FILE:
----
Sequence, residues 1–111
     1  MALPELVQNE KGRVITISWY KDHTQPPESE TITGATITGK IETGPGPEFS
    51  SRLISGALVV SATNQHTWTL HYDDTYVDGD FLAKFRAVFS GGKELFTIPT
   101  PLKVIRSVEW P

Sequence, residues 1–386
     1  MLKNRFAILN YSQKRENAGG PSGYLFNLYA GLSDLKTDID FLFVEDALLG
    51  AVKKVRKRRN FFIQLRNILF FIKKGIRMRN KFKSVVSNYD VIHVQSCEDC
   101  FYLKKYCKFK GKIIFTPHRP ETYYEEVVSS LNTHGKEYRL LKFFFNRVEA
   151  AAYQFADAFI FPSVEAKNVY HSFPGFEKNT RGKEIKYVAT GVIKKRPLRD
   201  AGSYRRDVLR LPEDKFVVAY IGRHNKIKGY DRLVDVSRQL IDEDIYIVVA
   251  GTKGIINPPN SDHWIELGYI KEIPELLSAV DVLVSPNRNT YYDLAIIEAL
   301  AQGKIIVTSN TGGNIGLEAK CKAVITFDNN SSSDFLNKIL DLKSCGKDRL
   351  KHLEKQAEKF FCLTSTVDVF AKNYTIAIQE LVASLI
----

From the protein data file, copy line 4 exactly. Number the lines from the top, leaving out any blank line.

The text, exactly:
   101  PLKVIRSVEW P